With city officials finally in agreement on the details, a plan to provide extra disability retirement benefits to a veteran Woburn police officer is moving forward on Beacon Hill.
The special legislation is now before the state Senate. It would provide Officer Robert DeNapoli with 100 percent pay until he turns 65, the state’s mandatory retirement age for police officers, and 80 percent thereafter.
State law provides that employees who retire with a disability are compensated for life at a rate of 72 percent of their regular rate of pay.
DeNapoli, 52, suffered serious injuries when he was shot multiple times at close range responding to a jewelry store robbery in 2011.
“I think it’s a very good settlement,” Mayor Scott D. Galvin said. “It’s a fair settlement and takes into consideration everything that happened to the officer and also takes into consideration the concerns of the city as well.”
Galvin and the City Council were at odds for months over the details of the plan, with many of the council members saying it did not go far enough to compensate DeNapoli for his injuries. Councilors wanted DeNapoli to receive a disability pension equal to 100 percent of his pay for life, not just until age 65, as the mayor proposed.
But the impasse was broken when Galvin and DeNapoli, in a series of meetings that began after last Thanksgiving, agreed to move forward with the mayor’s original plan. In light of that agreement, councilors recently voted 9 to 0 to approve filing of the bill.
Ward 2 Alderman Richard F. Gately Jr. said he voted for the package only because DeNapoli was agreeable to the terms.
“I said on numerous occasions when I rejected the mayor’s plan that the only one who was going to be able to change my mind on any settlement was Bob DeNapoli. Bob was comfortable with the agreement — he signed off on it. . . . Other than that our stance was going to be the same,” Gately said of council members.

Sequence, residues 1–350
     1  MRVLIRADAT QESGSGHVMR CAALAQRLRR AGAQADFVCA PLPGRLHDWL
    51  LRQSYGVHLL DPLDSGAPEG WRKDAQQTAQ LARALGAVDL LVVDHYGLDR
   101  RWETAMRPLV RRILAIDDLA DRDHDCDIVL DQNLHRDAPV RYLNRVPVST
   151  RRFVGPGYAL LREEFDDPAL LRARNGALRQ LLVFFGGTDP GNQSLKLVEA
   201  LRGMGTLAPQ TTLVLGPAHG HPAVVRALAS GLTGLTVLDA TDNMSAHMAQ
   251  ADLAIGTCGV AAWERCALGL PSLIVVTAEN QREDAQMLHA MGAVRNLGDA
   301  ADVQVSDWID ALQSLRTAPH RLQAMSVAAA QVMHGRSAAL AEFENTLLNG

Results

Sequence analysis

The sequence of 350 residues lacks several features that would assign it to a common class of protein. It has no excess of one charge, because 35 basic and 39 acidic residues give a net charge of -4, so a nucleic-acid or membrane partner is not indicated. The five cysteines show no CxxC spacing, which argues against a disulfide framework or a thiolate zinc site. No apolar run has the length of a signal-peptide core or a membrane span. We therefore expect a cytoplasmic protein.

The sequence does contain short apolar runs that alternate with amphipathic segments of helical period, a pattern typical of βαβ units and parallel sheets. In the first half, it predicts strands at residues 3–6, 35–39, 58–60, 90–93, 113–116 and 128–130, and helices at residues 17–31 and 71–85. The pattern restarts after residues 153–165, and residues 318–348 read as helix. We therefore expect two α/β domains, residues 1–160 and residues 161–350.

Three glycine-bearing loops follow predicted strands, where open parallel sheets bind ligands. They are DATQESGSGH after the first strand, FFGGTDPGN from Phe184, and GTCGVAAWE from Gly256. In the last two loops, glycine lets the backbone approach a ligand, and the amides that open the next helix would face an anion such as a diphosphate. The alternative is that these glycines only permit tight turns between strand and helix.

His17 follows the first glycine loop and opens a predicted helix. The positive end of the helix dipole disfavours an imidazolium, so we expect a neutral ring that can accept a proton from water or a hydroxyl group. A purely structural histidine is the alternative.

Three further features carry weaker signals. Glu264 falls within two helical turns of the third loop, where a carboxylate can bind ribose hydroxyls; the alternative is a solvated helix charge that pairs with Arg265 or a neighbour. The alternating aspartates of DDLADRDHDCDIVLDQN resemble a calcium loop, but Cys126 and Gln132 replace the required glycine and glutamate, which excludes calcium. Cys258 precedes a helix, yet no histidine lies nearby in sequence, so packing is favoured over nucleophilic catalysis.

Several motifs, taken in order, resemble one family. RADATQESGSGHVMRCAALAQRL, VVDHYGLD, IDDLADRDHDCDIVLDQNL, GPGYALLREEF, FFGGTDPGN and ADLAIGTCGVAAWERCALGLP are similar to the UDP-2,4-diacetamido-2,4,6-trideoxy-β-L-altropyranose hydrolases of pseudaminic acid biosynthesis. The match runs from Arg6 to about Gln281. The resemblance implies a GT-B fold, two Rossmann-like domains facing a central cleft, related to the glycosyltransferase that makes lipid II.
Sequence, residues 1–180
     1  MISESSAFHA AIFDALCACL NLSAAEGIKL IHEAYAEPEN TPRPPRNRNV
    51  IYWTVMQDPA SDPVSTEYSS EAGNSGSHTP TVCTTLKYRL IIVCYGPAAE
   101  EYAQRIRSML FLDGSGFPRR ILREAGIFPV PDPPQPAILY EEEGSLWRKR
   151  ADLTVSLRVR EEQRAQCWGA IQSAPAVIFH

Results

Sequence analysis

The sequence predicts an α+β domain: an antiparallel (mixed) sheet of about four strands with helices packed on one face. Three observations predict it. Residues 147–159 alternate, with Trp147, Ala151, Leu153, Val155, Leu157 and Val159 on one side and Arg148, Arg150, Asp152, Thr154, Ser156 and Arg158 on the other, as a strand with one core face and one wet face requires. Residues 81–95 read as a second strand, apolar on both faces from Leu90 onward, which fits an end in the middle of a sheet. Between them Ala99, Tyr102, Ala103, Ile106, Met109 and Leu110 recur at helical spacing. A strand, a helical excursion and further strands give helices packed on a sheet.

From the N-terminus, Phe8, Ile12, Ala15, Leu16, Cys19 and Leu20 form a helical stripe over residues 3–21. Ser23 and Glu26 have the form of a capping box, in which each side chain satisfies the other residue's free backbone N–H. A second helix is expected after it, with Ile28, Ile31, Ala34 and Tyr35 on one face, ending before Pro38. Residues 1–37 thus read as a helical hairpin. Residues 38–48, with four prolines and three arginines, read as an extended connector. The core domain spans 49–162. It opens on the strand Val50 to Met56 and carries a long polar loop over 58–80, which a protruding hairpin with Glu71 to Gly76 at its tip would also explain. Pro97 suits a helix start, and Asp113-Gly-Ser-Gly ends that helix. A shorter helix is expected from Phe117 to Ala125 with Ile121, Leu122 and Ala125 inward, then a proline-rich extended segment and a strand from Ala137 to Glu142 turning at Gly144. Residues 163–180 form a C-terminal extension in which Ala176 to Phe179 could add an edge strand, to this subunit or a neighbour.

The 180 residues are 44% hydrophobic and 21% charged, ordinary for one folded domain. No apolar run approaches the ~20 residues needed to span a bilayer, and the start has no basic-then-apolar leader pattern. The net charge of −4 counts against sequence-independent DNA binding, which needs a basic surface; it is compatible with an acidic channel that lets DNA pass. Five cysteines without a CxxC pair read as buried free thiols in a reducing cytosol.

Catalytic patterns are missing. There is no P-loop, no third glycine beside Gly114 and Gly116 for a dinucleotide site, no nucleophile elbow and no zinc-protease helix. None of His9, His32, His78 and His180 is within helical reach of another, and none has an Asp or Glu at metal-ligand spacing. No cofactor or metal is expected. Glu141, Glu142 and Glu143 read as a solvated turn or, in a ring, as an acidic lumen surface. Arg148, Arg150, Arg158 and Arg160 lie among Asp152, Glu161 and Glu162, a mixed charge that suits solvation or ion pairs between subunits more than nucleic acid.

“I still believe to this day that he deserved” to receive a disability equal to 100 percent of his pay for life, Gately added. “That still would have been my vote if it wasn’t agreed to.”
After the mayor submitted his plan to them last June, councilors sent it to the Legislature, but only after amending it to reflect the more generous terms. But the bill ran aground without the mayor’s signature.
Galvin last August tried without success to have the council act on his original plan. The dispute became an issue in last year’s mayoral race, with challenger John Flaherty siding with the council position.
DeNapoli said in an interview that he decided to go along with the original plan to put an end to the long-running dispute.
“At this point, as time went on for almost a year and a half, two years . . . we weren’t going to get any farther with this. I wanted to take my family out of the line of fire. We’ve been through so much,” he said. “Once the politics started getting into it, that was very difficult to deal with. I’m still dealing with the shooting and the trial.”
“I was shot six times. I’m blind in my left eye, I have leg problems, all that stuff,” he said. “When you go through that and you feel you have to negotiate for [your pension] after that, it’s tough to come to terms with that. . . . But eventually we did. We had to get it over with. There wasn’t going to be a lot more we could do.”
Regarding his condition, DeNapoli said, “I’m in the same place I was a year ago — my eyesight is never going to get better and my legs are in chronic pain, my left leg especially.”
He said he would ideally like to work again but “I don’t know what I’m capable of doing, how many hours I could put in.” He said he and Mario Oliveira, a former Somerville police officer shot in the line of duty in 2010, have been giving talks to police departments and academies about their experiences, advising them how best to stay safe.
The package for DeNapoli closely mirrors the one that Somerville, through special legislation, provided for Oliveira.
Among its other features, it provides, upon his death, monthly spousal survivor benefits equal to three-fourths of his pension, rather than the two-thirds the law requires; and that he be compensated for any injury-related out-of-pocket medical costs not covered by his insurance.
The act also exempts DeNapoli’s disability payments from the state law that limits how much additional income someone retired on a disability can earn without seeing their pension decreased.
Additionally, the act says that all sums paid by DeNapoli into the retirement system be returned to him in a lump-sum payment of about $86,000. Generally, such a payment is only provided as a death benefit to a surviving spouse.
The total added benefits would cost the city about $1.1 million, which, Galvin said, would be funded through an approximately $50,000 addition to the retirement budget each year.
“We want to take care of the people who take care of us,” Gately said. “It worked out for Mr. DeNapoli. I’m not sure he’s 100 percent satisfied at the end of the day. He still has a lot to go through. Hopefully, he can get on with his life. At least he has some dedicated income coming in for his family.”